Cybersecurity has been top of mind for industry experts and consumers alike. The WannaCry ransomware is putting a legitimate scare into affected companies, although many are apparently preparing to call the hackers’ bluff. Yesterday, another cyberattack was announced as well, and it has the potential to be far more lucrative for the developers. The common denominator between the two? A leaked exploit developed by the NSA that leverages a Windows file-sharing protocol. These attacks are indicative of the long-term game of cat and mouse that the government and private enterprise faces for the foreseeable future of security and counterintelligence. Moving forward, the growing network of connected devices for the Industrial Internet of Things (IIoT) faces similar security threats. This week, we found several stories demonstrating some of the solutions surrounding those potential security issues.
The 9 Best Practices for IIoT from a Dell Security Expert
At a recent presentation for 2017 Dell EMC World Conference, Rohan Kotian, Dell EMC’s senior product manager for IoT security, spoke about his nine best practices for improved IIoT security. His number one strategy? Simply understanding the concerns. Many IoT devices come out of the box with few security controls in place, and understanding the risk is the most important step in addressing them. In this article from Tech Republic, you can read Mr. Kotian’s other nine best practices, including studying the attack trends, classifying risk, and leveraging fog computing.
IIoT Market Expected to Approach One Trillion Dollars by 2025
Grand View Research writes that the industrial Internet of Things will experience explosive growth over the next decade, going from a $109 billion industry in 2016 to an expected $933.62 billion by 2025.
The massive market increase will be driven by a number of factors, one of which continued investment by government agencies and corporate leaders. As the report states, “The role of the Internet of Things (IoT) is increasingly becoming more prominent in enabling easy access to devices and machines. Government-sponsored initiatives and innovative efforts made by key companies, such as Huawei, GE, and Cisco, are anticipated to enhance the adoption of IIoT worldwide over the forecast period.”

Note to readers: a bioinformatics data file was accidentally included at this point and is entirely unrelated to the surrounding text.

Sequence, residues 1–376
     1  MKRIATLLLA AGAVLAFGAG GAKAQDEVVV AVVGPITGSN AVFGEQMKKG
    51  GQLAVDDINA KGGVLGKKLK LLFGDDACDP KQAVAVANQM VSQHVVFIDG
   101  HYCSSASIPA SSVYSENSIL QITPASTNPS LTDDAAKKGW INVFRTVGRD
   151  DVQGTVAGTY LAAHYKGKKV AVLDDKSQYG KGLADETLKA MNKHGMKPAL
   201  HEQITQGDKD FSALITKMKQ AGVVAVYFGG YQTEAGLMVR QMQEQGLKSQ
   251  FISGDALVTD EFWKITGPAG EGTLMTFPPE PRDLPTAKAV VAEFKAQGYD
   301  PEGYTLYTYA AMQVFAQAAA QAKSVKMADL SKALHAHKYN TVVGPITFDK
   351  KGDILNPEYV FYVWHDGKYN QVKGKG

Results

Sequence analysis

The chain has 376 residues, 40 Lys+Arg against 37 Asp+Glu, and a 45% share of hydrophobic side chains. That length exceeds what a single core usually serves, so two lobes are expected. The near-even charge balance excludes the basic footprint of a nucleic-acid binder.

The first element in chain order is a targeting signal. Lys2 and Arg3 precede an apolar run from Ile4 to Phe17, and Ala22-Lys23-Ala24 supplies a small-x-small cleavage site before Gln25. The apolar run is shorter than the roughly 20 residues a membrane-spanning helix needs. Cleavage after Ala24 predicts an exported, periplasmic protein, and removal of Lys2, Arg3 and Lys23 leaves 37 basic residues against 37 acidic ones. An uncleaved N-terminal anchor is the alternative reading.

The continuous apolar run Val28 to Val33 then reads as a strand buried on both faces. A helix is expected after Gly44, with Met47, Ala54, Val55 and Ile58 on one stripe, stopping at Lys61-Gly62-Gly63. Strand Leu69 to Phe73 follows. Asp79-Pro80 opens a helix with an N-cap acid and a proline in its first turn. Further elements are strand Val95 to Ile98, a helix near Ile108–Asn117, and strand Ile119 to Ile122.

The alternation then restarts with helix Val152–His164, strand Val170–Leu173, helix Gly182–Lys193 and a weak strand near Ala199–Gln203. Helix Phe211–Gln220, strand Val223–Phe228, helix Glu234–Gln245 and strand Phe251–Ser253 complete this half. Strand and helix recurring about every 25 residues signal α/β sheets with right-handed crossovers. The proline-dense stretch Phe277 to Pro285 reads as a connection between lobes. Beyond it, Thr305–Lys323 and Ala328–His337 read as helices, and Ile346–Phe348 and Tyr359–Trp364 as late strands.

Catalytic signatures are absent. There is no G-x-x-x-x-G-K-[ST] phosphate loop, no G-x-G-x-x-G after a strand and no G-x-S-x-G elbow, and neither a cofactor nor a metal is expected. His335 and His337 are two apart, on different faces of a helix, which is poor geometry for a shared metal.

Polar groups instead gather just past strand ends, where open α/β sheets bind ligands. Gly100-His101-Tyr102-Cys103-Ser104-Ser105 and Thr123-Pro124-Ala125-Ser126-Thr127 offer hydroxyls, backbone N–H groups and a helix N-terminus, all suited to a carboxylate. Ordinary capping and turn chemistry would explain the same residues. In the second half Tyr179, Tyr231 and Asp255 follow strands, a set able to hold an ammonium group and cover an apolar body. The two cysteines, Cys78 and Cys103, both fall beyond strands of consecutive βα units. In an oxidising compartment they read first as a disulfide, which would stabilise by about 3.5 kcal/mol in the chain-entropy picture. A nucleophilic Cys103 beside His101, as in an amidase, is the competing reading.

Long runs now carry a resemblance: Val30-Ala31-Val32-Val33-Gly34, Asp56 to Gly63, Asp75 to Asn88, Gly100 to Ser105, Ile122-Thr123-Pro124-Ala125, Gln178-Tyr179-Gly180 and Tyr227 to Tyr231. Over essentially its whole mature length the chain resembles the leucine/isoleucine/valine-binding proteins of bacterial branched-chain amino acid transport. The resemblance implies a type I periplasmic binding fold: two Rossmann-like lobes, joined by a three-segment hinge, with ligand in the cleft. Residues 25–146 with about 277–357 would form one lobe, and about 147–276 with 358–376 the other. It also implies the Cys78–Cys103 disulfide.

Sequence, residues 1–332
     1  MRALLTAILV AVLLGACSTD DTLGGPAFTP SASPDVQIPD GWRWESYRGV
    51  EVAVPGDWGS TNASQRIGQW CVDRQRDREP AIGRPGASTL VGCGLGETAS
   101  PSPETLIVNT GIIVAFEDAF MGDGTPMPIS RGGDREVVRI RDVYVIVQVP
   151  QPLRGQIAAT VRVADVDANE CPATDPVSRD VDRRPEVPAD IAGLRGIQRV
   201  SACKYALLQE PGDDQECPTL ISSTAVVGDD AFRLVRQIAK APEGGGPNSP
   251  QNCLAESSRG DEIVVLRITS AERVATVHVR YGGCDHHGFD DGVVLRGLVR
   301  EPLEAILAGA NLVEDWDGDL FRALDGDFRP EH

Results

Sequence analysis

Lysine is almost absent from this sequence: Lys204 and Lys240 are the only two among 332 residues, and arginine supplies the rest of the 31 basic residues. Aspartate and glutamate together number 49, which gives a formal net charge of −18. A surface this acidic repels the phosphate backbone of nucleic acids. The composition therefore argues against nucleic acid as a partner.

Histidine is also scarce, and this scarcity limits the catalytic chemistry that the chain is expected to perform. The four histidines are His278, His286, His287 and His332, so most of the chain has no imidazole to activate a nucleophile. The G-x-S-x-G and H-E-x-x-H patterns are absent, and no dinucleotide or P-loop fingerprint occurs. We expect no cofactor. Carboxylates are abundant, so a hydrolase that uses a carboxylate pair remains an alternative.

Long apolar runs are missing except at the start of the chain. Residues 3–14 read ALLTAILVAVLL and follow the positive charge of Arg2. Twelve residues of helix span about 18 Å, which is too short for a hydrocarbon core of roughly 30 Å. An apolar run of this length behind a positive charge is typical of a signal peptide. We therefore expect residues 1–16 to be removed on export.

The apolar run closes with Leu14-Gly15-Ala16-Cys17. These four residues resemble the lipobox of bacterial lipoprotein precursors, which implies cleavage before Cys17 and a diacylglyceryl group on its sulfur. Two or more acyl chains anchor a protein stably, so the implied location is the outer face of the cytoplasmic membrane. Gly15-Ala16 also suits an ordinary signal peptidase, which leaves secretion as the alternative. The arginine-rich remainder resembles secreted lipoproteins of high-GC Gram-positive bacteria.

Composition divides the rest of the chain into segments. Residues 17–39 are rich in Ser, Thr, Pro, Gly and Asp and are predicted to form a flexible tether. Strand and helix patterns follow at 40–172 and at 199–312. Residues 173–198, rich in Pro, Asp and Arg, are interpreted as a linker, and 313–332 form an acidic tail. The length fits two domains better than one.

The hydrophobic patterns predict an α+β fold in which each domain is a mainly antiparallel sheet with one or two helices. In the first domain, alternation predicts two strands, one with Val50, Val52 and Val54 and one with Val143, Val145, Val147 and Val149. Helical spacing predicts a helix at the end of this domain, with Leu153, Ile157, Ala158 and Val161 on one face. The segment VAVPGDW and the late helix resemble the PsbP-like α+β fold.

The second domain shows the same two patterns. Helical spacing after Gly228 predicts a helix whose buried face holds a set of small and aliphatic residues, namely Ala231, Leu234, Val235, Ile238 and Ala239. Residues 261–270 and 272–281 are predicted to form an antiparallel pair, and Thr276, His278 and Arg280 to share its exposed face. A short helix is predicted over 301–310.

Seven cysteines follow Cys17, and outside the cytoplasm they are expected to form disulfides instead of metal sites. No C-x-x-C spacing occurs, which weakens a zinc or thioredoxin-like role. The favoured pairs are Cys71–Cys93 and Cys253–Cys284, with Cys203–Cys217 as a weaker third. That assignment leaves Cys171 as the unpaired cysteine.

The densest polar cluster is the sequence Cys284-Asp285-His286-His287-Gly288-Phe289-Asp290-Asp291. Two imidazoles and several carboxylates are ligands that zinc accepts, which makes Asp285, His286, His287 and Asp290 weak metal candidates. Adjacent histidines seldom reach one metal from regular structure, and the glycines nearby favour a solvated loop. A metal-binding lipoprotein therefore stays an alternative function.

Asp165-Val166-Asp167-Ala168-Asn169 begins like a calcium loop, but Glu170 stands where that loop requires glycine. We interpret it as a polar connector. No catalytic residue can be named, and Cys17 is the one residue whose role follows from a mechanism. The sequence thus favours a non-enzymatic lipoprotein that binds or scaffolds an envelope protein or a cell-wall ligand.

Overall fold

IIoT Presents Unique Security Challenges
Security is always a top priority in the Internet of Things, but IIoT applications present unique challenges. In this article from CSO Online, Phil Neray, CyberX’s vice president of industrial cybersecurity, writes that despite the growth of IoT applications in oil, gas, electric, and pharmaceuticals, “The fact is that all of these devices were designed a long time ago.”
That means IIoT innovators have the challenge of integrating the newest technology into systems that may be decades old. This sort of retrofitting can make security a real challenge and there are few experts available who have both the knowledge of legacy systems and the latest IIoT solutions.
Sprint to Deploy LTW Cat 1 by End Of July
The Internet of Things relies heavily on low-power communication protocols to perform, so a recent announcement on FierceWireless.com that Sprint will be releasing LTE Cat 1 by the end of July is music to IoT developer’s ears. LTE Cat 1 is designed to support low-power applications on the Sprint network such as vehicle telematics and industrial IoT applications.
“As one of the leading enablers and solution providers of the internet of things, Ericsson believes in its power to transform industries and capture new growth,” said Glenn Laxdal, head of Network Products for Ericsson North America. “Ericsson looks forward to partnering with Sprint to deploy Cat M1 next year and bring the transformative power of IoT to the Sprint Nationwide network.”
The announcement also noted that Cat M would be following in mid-2018. TE Cat M1 and LTE Cat NB1 will support other applications requiring ultralow-throughput and power consumption.